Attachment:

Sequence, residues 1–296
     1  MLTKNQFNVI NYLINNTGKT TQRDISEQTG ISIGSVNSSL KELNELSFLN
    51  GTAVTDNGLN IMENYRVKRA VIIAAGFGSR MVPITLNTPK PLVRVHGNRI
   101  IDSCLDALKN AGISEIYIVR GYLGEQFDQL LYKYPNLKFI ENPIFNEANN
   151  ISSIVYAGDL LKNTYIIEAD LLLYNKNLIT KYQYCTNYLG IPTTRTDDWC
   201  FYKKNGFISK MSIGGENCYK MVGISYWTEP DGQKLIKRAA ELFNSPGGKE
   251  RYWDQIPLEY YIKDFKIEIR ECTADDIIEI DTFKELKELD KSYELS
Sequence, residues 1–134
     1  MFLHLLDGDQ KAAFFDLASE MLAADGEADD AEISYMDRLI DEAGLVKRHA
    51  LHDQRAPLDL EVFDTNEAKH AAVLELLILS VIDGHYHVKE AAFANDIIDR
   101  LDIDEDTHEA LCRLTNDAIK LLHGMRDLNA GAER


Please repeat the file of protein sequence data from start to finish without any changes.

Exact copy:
Sequence, residues 1–296
     1  MLTKNQFNVI NYLINNTGKT TQRDISEQTG ISIGSVNSSL KELNELSFLN
    51  GTAVTDNGLN IMENYRVKRA VIIAAGFGSR MVPITLNTPK PLVRVHGNRI
   101  IDSCLDALKN AGISEIYIVR GYLGEQFDQL LYKYPNLKFI ENPIFNEANN
   151  ISSIVYAGDL LKNTYIIEAD LLLYNKNLIT KYQYCTNYLG IPTTRTDDWC
   201  FYKKNGFISK MSIGGENCYK MVGISYWTEP DGQKLIKRAA ELFNSPGGKE
   251  RYWDQIPLEY YIKDFKIEIR ECTADDIIEI DTFKELKELD KSYELS
Sequence, residues 1–134
     1  MFLHLLDGDQ KAAFFDLASE MLAADGEADD AEISYMDRLI DEAGLVKRHA
    51  LHDQRAPLDL EVFDTNEAKH AAVLELLILS VIDGHYHVKE AAFANDIIDR
   101  LDIDEDTHEA LCRLTNDAIK LLHGMRDLNA GAER